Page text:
Then the time came to start thinking about post-primary school. We were pleased with the primary model and we wanted this experience for our children to go on, but there seemed to be nothing similar available at second level. We investigated special schools but also we heard about and visited a school in Killina, in Co. Offaly. This is a mainstream secondary school with a special unit for students aged thirteen to eighteen with moderate general learning disabilities, very like the model we had in mind. It had what we wanted, the mainstream environment, the one-to-one, the individual education plans and the chance for our adolescent children to integrate with their own age group wherever and whenever they could. We spent the next four years battling to have a similar class or unit set up in Dublin. While everyone in the Department of Education thought it was a great idea, putting that idea into reality was another story. It took endless meetings, phonecalls, emails, meeting with politicians, writing letters—you name it, we did it. However, in the end we succeeded, we found a school, a local community school, that was willing and had the available space to take the class. We went from having nowhere for our children in February, to having a class, trained teachers and special needs assistants, all in place and up and running for September. This was an amazing achievement and it had much to do with the school’s attitude which was ‘let’s do it’. When we were enrolling the children the Principal met each set of parents individually. At that meeting he asked me what I wanted for Ruth and where did I see her going. Ruth was fourteen and I think this was the first time I had been asked that question by a professional.
There are now two classes for students with moderate general learning disabilities in this community school, and they are an enormous success. The students are taught by mainstream teachers, they circulate around the school at the class breaks the same as the other students. They are totally accepted and part of everything that happens in the school. Each child has his or her individual plan as well as the usual reading, writing, basic maths, home economics, PE etc.
You might ask ‘what’s the difference between the learning in this special class setting and the learning Ruth might achieve in a special school?’ The difference for me is environment. Ruth behaves like any other adolescent. She’s been known to ‘hang on radiators’ with her sleeves pulled down over her hands, like any other teenager. We were in Woodies recently and the young lad on the till goes ‘Hiya, Ruth’; she goes ‘Hi’. She comes out and she is amazed that someone is working there who’s in her school. ‘I know him there, he’s in my school’. It’s about being included, part of things, part of the community. I suppose also that the other students who meet our children, in their future lives will move into different places. They will go to universities, to workplaces and they will meet people with disabilities and hopefully they won’t say ‘oooh, I won’t talk to him’. They’ve met people with disabilities; they’ve seen them in the school concert or play and at sports day. They’ve seen them coming in and out of school, they are supportive and helpful. I’ve seen young people help Ruth out of buses in town because they know her from school. They have a better understanding, you know, they will look further than their nose—they will see the person first and the disability second.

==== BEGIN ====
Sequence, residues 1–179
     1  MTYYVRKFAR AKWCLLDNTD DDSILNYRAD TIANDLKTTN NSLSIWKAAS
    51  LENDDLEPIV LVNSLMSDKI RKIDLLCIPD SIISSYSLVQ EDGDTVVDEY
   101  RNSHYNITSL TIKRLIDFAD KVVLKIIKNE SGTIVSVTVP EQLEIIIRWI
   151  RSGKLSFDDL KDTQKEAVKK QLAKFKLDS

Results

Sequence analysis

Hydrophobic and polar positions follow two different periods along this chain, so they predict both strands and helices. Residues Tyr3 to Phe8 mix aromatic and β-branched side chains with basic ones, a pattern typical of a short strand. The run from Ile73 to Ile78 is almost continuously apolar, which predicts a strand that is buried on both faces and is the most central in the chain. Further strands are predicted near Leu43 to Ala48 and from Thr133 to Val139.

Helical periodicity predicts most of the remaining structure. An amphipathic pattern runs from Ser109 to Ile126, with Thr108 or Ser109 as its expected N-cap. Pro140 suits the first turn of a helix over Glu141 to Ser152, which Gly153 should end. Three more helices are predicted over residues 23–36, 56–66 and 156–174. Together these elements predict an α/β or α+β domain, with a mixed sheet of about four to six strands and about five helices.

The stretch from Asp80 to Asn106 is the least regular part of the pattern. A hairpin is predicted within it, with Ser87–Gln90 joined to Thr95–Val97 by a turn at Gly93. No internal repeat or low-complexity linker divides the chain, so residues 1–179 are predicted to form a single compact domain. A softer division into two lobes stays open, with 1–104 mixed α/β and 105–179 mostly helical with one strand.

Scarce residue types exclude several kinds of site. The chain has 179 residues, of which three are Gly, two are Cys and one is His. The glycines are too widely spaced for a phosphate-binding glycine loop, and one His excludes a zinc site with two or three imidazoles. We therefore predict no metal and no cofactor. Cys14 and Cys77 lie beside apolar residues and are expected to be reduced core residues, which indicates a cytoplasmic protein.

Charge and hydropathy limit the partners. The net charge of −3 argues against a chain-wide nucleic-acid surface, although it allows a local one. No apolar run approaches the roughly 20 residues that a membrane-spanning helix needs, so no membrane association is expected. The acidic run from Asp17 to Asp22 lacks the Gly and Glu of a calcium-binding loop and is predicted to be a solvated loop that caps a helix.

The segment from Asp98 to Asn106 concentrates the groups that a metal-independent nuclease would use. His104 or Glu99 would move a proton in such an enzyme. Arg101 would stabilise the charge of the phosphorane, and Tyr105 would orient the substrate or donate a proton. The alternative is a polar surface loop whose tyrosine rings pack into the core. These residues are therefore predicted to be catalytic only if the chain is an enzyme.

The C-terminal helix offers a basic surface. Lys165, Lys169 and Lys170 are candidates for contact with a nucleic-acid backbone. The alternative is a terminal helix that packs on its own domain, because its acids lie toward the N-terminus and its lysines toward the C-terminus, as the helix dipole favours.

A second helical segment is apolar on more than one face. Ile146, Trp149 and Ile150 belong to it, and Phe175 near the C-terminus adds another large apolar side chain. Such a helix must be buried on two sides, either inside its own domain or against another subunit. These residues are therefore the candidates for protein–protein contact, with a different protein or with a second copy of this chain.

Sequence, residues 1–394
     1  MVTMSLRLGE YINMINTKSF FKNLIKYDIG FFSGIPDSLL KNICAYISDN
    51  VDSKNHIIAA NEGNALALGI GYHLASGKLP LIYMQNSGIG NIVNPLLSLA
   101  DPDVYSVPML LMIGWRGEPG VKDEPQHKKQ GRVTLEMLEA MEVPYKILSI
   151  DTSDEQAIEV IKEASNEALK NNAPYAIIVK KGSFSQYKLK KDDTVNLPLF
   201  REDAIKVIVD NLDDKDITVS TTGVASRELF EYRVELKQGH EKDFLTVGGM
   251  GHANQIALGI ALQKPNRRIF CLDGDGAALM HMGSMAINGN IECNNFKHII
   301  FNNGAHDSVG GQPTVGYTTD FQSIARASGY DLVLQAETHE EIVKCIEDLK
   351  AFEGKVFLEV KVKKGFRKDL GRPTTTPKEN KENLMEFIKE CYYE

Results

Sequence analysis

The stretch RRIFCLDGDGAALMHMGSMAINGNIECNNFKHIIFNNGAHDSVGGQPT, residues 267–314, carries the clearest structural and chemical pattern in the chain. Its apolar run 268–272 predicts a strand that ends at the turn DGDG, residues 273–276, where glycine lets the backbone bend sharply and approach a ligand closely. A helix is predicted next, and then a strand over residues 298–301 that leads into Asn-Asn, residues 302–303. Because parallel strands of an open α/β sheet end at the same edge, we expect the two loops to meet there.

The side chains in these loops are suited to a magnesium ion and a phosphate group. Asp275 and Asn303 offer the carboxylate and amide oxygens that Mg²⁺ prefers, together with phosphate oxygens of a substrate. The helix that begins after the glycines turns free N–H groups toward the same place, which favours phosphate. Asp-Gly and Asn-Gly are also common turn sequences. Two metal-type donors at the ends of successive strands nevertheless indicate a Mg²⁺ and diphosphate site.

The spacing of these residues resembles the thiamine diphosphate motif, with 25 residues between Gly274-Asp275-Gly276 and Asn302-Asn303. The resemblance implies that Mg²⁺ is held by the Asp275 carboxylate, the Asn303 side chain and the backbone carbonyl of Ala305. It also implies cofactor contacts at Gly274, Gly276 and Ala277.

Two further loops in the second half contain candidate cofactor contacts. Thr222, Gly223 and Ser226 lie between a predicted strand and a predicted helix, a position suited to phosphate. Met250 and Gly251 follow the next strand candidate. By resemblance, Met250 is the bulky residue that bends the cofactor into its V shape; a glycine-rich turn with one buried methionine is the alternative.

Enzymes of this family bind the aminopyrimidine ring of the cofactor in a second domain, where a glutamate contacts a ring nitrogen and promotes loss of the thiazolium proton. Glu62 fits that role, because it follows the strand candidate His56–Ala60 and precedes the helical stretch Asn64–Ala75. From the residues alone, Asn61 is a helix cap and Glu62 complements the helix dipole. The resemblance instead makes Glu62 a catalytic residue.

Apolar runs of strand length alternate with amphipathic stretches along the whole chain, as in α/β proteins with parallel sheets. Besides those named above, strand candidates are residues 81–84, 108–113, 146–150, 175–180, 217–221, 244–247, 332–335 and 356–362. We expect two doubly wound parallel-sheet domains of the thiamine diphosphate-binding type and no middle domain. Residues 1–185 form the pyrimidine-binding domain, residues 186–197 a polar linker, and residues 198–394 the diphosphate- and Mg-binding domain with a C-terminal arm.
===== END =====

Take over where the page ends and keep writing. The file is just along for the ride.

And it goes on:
I think that when you have a child with special needs you get a particular insight into education. I feel that I’ve got to know schools and how they work and some of the detail about what goes on in them. When you have a child who doesn’t have a disability, like my older daughter—she went into school and she came out of school, she did her homework and she did her exams, she was in the school play and took part in events. But, really, I had very little to do. I did my bit for the parents’ association and I went to parent teacher meetings, but I didn’t have to think about what was happening next, other than the normal kind of things like, ‘what’s she going to do when she does her Leaving Cert’? ‘Is she going to go to college?’ I didn’t have to think the way you do when you have a child with special needs. There are so many things that you have to think of all of the time. Everything is a challenge for them, everything. Going to school, moving from the primary into the second level and thinking ‘God is she going to cope in here, will she act out and have to leave because she’s not able to cope with this big environment, the noise and big people everywhere, coping with different teachers’. You have to anticipate every challenge, even very small ones that you wouldn’t think about with other children and you have to communicate them to the school. Then you are talking to the teachers, you have to help them to put themselves in your child’s shoes and realise how much harder the world is for them.
Looking back, if I were to offer any advice to parents it would be to trust their instincts. This would be the main thing. It is most important to build good relationships with the school, whatever school your child is in. Try to help the teacher to know the best way to teach your child. It’s not enough to just be relieved that the school will take him or her. Instead of just saying, ‘phew that’s great’, ask what does this mean for me. It means you have to be willing to prompt, to get involved in the trial and error, seeking the best way, working with the teacher. Some schools have no experience with children with disabilities. My experience is that I was able to give an insight into what worked for Ruth and it was accepted willingly. It’s all about teamwork. Schools gain experience and it makes things easier for the next set of parents coming along.